Sociality and Sympathy: An Introduction to the Ethics of Sympathy, Volume 5, Issue 1 (Google eBook)

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Macmillan, 1903 - Social psychology - 91 pages
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Page 3 - When we see a stroke aimed and just ready to fall upon the leg or arm of another person, we naturally shrink and draw back our own leg or our own arm; and when it does fall, we feel it in some measure, and are hurt by it as well as the sufferer.
Page 4 - Custom, then, is the great guide of human life. It is that principle alone which renders our experience useful to us, and makes us expect, for the future, a similar train of events with those which have appeared in the past.
Page 25 - From the physiological side we have a circular activity sensor, motor ; sensor, motor : and from the psychological side we have a similar circle, reality, image, movement; reality, image, movement, etc.
Page 28 - ... (2) The other experiment consisted in taking daily records for twenty days, by means of a stop-watch, of the time required to repeat the alphabet from memory. Each day's experiment was as follows: First, the alphabet was repeated as rapidly as possible forward...
Page 17 - The continuity of the rhythmic series, whereby all the beats of a period seem to belong to a single whole, is due to the continuity of the muscle sensations involved and the continuous feeling of slight tension between the positive and negative muscle sets; nowhere within the period does the feeling of strain die out.
Page 4 - Without the influence of custom, we should be entirely ignorant of every matter of fact, beyond what is immediately present to the memory and senses. We should never know how to adjust means to ends, or to employ our natural powers in the production of any effect. There would be an end at once of all action as well as of the chief part of speculation.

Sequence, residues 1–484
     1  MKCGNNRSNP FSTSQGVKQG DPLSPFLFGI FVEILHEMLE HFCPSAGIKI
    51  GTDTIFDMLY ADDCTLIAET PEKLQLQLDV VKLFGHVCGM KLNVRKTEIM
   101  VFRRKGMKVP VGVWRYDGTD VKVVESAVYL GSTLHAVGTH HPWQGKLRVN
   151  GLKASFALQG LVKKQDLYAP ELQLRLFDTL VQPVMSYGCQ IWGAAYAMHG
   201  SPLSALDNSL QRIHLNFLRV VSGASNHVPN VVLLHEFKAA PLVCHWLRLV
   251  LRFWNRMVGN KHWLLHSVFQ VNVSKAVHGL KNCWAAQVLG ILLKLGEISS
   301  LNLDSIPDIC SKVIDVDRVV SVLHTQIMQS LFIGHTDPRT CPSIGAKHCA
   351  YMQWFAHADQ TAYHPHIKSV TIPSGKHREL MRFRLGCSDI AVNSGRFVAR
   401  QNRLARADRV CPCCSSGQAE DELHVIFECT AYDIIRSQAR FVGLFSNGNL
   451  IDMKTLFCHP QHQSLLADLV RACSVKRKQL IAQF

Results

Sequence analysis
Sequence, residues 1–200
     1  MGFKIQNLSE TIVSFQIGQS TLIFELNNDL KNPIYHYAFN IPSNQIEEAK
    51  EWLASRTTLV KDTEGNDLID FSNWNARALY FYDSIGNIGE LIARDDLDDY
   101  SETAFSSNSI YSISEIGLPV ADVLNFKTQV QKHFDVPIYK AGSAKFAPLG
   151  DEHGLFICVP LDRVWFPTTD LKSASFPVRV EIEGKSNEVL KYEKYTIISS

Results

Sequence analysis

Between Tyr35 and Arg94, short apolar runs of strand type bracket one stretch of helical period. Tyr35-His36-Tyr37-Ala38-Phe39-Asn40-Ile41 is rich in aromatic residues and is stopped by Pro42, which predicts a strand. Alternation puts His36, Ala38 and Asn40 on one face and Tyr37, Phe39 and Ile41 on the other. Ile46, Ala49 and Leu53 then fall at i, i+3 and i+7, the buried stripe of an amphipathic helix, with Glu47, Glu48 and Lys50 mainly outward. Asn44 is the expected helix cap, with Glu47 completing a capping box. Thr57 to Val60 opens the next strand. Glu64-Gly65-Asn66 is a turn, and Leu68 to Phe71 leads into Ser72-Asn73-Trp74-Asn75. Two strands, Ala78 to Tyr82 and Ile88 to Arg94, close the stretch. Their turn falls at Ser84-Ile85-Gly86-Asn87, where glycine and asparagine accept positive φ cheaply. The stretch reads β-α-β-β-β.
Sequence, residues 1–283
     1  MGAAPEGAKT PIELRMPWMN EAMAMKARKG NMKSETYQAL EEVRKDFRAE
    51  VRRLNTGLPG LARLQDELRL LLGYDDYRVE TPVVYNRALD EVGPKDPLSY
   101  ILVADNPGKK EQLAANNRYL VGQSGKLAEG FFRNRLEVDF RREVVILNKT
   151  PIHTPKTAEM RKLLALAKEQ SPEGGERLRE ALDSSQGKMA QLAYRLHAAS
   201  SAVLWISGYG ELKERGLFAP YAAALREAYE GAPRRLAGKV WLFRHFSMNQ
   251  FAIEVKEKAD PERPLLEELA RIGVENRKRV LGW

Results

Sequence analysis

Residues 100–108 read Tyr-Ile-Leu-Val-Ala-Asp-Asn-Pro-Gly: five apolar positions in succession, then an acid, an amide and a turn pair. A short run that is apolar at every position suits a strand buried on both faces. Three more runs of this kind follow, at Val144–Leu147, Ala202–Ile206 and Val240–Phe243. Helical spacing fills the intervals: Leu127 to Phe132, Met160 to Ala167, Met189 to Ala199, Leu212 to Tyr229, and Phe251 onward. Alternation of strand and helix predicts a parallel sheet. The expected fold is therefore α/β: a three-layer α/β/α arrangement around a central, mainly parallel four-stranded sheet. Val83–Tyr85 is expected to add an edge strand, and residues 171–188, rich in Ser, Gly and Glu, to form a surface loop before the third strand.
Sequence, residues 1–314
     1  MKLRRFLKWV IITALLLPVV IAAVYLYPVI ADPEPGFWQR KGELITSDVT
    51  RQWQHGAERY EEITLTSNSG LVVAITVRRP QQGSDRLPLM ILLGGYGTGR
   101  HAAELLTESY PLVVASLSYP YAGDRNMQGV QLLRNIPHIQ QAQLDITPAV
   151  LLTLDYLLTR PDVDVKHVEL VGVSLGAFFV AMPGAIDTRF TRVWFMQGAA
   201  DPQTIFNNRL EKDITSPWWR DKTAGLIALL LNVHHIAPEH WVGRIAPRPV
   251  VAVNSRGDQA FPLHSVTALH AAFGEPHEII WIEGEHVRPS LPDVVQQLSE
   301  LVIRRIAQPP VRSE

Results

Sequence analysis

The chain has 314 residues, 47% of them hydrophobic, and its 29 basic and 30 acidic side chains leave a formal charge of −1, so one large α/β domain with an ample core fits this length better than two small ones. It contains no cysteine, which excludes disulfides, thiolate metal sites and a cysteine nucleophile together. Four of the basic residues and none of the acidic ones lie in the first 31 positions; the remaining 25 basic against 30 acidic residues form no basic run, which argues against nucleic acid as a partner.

Page 87 - They were again encouraged to the attack; but by this time all the baboons had reascended the heights, excepting a young one, about six months old, who, loudly calling for aid, climbed on a block of rock, and was surrounded. Now one of the largest males...
Page 10 - ... and their compounds). (5) The gradual growth of rhythmical ability and rhythmical perception can be accounted for only on the grounds of its perceptual nature. (6) The characteristics of the affective curve are not present in the rhythmic curve taken by the pneumograph. The curve, as has been shown, is that characteristic of an attentive state. (7) Furthermore all the phenomena of rhythm can be explained by the facts of perception.
Page 2 - Meumann makes the statement that "the subjective holding together of impressions in a whole is inseparably bound up with the simplest cases of rhythmic perception, and this perception is due to kinesthetic sensations within the group that give us the uniting element for consciousness.
Page 14 - Bryan3 must, of course, take into account the important differences between the conditions in the tests made. Every operator develops a distinctive style of sending so that he can be recognized readily by those who work with him constantly. (See III, below). Mr. S., a dispatcher of much experience, works daily with forty or fifty men and states that, after hearing four or five words, he can readily recognize the sender, or be sure that he is not one of his men. Where two or more operators work in...